Weaponizing Traditional Values
One of the key ways in which the Russian Orthodox Church has exerted its influence is through the promotion of "traditional values." The church has positioned itself as a defender of these values, which it claims are under threat from the liberal and decadent West. This rhetoric resonates with the far-right in Europe, which also seeks to preserve traditional cultural and religious norms. The church's emphasis on traditional values has provided a common ground for collaboration and ideological exchange between the Russian Orthodox Church and European far-right movements.
The Role of Religion in European Far-Right Movements
Religion plays a significant role in the ideology of many European far-right movements. In recent years, there has been a resurgence of nationalism and identity politics, with far-right parties and groups capitalizing on fears of immigration, globalization, and cultural change. The Russian Orthodox Church's emphasis on traditional values and its opposition to liberal secularism aligns with the ideologies of these far-right movements, making it a natural ally for those seeking to protect what they perceive as European cultural and religious heritage.
The Russian Orthodox Church and European Far-Right Connections
Evidence of connections between the Russian Orthodox Church and European far-right movements is well-documented. The church has been involved in organizing meetings and conferences with far-right leaders, sharing ideological resources, and providing financial and strategic support. These connections have allowed the Russian Orthodox Church to export its ideology and influence far beyond Russia's borders, shaping the discourse and actions of the European far-right.
The Role of Traditionalism and Conservatism
Central to the ideology of both the Russian Orthodox Church and the European far-right is the concept of traditionalism and conservatism. Both movements argue for a return to traditional values, a rejection of liberal secularism, and the preservation of national and cultural identity. This shared emphasis on traditionalism provides a fertile ground for collaboration and ideological exchange between the Russian Orthodox Church and European far-right movements.
The Use of Soft Power
In addition to ideological influence, the Russian Orthodox Church has also exerted its influence through the use of soft power. The church has positioned itself as a counterbalance to what it perceives as the moral decay of the West, presenting Russia as a defender of traditional values and cultural heritage. This narrative has resonated with the European far-right, which sees in Russia an ally against the perceived threats of globalization and multiculturalism.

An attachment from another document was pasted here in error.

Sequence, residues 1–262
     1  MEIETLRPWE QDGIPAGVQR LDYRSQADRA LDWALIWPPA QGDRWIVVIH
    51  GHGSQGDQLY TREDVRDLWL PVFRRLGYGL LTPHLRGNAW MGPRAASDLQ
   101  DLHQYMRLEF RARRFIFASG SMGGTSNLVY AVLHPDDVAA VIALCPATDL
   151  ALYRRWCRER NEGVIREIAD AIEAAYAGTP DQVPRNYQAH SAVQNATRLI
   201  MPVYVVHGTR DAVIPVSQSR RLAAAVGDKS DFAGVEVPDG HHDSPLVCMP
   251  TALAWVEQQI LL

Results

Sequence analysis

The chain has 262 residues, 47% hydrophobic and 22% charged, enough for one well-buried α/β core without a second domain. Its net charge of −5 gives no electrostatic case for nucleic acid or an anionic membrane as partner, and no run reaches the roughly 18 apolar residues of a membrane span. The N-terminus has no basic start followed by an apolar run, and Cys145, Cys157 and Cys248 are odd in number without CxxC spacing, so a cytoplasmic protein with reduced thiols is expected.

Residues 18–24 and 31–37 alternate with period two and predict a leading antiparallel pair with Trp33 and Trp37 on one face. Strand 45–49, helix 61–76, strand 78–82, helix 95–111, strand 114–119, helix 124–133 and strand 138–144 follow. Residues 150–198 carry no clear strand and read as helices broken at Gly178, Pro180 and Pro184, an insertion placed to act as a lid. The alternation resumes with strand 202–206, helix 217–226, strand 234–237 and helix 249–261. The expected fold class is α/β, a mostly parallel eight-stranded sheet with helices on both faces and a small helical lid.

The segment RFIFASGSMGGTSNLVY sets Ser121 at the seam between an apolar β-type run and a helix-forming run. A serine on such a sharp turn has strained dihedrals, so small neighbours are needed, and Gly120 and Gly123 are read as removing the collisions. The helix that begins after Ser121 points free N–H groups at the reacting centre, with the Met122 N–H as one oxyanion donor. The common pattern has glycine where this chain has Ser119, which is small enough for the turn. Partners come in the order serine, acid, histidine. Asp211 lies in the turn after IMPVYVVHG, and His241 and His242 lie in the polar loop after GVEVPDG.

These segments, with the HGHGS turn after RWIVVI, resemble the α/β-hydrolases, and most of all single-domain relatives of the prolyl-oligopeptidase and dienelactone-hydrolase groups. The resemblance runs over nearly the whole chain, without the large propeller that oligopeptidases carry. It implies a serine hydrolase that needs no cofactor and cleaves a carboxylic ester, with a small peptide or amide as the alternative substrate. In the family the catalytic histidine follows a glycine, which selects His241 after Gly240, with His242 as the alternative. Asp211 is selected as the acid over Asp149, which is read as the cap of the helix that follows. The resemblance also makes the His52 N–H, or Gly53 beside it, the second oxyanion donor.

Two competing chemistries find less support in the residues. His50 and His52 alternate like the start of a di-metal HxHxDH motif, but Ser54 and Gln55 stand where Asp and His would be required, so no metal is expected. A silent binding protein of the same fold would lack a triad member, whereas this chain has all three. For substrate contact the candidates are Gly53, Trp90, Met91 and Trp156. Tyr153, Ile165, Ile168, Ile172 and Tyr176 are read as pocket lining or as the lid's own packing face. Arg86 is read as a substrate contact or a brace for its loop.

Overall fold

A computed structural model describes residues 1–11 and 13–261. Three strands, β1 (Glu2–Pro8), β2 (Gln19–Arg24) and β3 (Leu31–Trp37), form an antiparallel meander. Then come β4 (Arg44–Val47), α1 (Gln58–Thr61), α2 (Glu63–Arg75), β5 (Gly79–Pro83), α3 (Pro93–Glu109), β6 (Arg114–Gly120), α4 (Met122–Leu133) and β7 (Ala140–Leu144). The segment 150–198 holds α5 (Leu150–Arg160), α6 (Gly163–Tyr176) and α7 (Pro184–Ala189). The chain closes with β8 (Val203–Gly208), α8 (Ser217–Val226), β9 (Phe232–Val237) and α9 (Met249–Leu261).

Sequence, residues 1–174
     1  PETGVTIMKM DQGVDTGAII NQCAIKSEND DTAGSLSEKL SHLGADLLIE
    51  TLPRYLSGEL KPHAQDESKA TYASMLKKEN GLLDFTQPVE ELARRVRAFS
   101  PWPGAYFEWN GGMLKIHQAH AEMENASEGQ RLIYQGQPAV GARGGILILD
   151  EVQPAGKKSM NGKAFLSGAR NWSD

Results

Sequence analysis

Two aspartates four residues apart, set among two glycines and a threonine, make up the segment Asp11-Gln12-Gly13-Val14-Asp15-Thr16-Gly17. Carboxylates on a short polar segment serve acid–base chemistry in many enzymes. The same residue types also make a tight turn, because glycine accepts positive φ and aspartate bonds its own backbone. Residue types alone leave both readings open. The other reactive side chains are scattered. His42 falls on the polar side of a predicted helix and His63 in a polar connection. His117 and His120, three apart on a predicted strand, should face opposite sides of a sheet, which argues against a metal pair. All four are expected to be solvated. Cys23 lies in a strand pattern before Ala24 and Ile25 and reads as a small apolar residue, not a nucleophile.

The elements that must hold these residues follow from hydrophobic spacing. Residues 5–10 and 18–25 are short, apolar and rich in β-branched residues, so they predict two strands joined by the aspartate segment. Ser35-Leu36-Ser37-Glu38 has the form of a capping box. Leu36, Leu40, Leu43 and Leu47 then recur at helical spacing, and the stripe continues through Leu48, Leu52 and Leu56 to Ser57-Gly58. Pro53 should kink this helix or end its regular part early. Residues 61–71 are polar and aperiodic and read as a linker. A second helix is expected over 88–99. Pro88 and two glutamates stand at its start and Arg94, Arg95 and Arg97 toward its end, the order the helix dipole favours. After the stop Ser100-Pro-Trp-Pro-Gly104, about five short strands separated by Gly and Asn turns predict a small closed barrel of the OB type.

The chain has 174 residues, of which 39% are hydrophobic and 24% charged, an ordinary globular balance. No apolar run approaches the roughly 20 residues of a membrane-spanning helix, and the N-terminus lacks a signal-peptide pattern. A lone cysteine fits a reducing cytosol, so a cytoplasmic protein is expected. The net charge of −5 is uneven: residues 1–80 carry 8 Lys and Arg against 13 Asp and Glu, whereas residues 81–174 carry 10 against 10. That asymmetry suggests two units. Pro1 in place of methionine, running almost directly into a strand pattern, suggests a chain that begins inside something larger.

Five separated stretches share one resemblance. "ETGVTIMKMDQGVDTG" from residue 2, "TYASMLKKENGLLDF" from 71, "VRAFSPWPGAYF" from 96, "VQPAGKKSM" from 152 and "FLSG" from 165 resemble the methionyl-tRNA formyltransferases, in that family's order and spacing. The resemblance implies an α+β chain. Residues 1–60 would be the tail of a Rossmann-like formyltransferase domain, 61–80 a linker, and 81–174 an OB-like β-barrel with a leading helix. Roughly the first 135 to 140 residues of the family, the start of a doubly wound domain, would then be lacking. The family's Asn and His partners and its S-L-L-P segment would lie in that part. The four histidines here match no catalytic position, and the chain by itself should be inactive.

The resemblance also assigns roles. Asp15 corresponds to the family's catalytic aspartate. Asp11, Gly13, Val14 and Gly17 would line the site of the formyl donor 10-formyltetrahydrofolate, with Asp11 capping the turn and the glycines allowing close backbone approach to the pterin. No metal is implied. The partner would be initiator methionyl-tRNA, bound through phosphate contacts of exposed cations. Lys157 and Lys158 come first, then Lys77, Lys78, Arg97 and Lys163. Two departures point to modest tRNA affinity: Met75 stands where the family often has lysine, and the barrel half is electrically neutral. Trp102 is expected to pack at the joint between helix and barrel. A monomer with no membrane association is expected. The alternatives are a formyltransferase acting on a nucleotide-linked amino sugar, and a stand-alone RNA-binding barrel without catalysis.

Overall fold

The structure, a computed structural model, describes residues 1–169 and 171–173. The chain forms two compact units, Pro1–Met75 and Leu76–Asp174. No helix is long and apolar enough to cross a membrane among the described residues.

The Future of the Russian Orthodox Church and the European Far-Right
The Russian Orthodox Church's influence on the European far-right cannot be underestimated. Through the promotion of traditional values and the shaping of identity narratives, the church has provided a framework for collaboration and ideological exchange between the Russian Orthodox Church and European far-right movements. As the influence of the far-right continues to grow, it is essential to critically examine the role played by the Russian Orthodox Church and the implications of this alliance for European politics and society.
The Russian Orthodox Church's influence on the European far-right extends beyond ideology. It also includes financial and strategic support, as well as the organization of meetings and conferences. This collaboration has allowed the Russian Orthodox Church to export its ideology and shape the discourse of the European far-right. However, criticisms and controversies surrounding the church's influence, particularly in relation to human rights, highlight the need for a nuanced understanding of this complex relationship.
The Establishment of the African Orthodox Exarchate
In a bold and controversial move, the Moscow Patriarchate of the Russian Orthodox Church (ROC) has established its presence in Africa, challenging the traditional authority of the Greek Orthodox Church of Alexandria. This decision has raised concerns among other Orthodox leaders and sparked debates within the Orthodox world. While the Moscow Patriarchate justifies its actions as a response to the recognition of the Ukrainian Orthodox Church's independence, there are indications that this move aligns with Russia's broader geopolitical ambitions in Africa.